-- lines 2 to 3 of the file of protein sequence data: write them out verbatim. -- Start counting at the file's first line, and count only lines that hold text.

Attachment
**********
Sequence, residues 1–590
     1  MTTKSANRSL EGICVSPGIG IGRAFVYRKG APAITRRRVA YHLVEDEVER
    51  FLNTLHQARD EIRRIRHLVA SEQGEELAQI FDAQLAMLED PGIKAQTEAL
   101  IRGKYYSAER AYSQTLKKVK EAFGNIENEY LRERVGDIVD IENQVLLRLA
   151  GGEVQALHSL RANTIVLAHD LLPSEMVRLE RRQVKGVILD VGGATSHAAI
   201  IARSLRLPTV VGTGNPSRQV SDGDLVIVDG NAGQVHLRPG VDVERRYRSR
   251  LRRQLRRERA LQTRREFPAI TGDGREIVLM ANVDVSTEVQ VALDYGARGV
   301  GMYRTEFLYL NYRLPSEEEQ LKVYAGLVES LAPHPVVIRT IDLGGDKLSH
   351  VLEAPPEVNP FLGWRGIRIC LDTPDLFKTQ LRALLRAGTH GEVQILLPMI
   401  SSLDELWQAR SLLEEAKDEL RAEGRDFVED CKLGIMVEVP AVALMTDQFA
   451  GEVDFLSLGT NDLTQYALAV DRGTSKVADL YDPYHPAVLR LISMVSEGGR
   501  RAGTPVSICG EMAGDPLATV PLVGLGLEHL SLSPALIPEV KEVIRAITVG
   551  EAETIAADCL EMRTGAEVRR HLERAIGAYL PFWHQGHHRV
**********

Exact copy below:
     1  MTTKSANRSL EGICVSPGIG IGRAFVYRKG APAITRRRVA YHLVEDEVER
    51  FLNTLHQARD EIRRIRHLVA SEQGEELAQI FDAQLAMLED PGIKAQTEAL